silly war' it's music, not sports. We're never gonna have the Super Bowl of
Scott Stapp vs. Myles Kennedy in a sing-off - it's ridiculous.

SP: Actually, we are setting that up.

MT: It was in your contract when you signed up with us.

GO: If MTV still did "Celebrity Death Match".......

SP: I think Stapp lost on that against Eddie Vedder.

GO: Will you guys ever play Creed songs? In our last interview, Mark said
"never," but there was some hesitation.

MT: Never. It would be like doing karaoke - Myles can't hit the notes!

MK: {laughs}

GO: What about the rumors that Creed is going to get back together?

MT: There's just no way. There have been a lot of rumors and misconceptions
in the press, where they say "Yeah, we just had an interview with Scott, and he
said you guys are definitely getting back together, that it's just a matter of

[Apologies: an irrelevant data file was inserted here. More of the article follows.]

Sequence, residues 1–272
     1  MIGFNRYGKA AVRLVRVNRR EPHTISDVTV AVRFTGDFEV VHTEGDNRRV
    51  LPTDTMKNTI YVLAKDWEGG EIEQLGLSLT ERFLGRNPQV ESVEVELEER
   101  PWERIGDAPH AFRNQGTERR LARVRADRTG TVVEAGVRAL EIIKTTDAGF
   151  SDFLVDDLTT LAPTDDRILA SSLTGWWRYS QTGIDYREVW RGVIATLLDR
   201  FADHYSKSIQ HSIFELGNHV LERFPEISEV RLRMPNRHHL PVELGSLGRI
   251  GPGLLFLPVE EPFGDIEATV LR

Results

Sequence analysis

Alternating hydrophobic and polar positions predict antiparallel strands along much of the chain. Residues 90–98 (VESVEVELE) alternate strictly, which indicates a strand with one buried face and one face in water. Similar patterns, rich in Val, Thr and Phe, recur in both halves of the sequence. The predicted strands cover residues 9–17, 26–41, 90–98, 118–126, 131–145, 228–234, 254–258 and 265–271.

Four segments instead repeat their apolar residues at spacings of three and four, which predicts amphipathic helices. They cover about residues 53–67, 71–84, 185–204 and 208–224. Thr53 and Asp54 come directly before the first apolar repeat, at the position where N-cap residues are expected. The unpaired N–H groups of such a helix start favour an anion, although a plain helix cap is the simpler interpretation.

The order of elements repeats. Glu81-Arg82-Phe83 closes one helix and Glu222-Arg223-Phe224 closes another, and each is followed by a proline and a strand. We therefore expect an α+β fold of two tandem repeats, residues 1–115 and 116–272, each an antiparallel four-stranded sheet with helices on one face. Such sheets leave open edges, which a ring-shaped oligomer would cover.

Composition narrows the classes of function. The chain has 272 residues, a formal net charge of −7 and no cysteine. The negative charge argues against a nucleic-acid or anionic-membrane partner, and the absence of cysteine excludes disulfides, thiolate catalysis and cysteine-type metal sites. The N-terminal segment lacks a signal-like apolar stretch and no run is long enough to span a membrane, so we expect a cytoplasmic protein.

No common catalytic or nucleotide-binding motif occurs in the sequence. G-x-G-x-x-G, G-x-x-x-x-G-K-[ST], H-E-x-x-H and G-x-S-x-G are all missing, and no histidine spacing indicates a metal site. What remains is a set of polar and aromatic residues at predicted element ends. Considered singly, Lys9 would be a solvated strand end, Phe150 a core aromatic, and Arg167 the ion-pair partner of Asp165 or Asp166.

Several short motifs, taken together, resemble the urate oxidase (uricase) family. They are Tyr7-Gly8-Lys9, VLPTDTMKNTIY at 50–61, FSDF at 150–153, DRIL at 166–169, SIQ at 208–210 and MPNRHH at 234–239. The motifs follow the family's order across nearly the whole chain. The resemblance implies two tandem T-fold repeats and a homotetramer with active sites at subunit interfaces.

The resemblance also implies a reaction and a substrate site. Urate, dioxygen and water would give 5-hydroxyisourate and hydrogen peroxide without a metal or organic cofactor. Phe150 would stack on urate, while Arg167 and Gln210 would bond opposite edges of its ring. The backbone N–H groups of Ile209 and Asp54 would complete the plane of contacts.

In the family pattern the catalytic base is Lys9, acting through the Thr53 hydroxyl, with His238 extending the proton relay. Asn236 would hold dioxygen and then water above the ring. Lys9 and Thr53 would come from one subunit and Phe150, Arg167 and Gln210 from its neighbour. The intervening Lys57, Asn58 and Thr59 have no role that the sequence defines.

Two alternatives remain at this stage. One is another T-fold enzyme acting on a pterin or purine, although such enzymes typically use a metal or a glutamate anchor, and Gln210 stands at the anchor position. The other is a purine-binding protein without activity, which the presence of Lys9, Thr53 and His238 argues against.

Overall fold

time". So we're just going around trying to put out those fires that he's starting
all over the place. It waters down what we're trying to do with Alter Bridge.
Alter Bridge is not a side project by any means. There is no way in the world
that Creed would get back together - unless it was for world peace.

BM: Scott Stapp is a pathological liar.

MT: There's your dirt!

SP: There's been nothing from this side of the camp to suggest that Creed will
get back together.

MT: It's been the exact opposite. He's still out there playing Creed songs with
a pieced-together pawnshop band. Scott {Stapp} and I discussed that
during the breakup. Since we wrote the songs together, we decided that if
we were no longer together, playing them would be unfair to Creed fans and
all the guys in the band. It's made me angry, because I thought we had an
agreement. I stuck to my end and worked hard to get my new songs out.

MK: You know, just from my perspective, these guys were quiet about all of
this until the other side came out and basically said things that weren't true.
The band's not getting back together; they don't still talk all the time. These guys
just want to lay it out there so the public will understand that they didn't just kick
this guy out of the band, and that they're not just a bunch of jerks.

SP: That's a really good point, because you'll get people who are very
diehard fans of Scott Stapp - fans who think he was the guy behind Creed.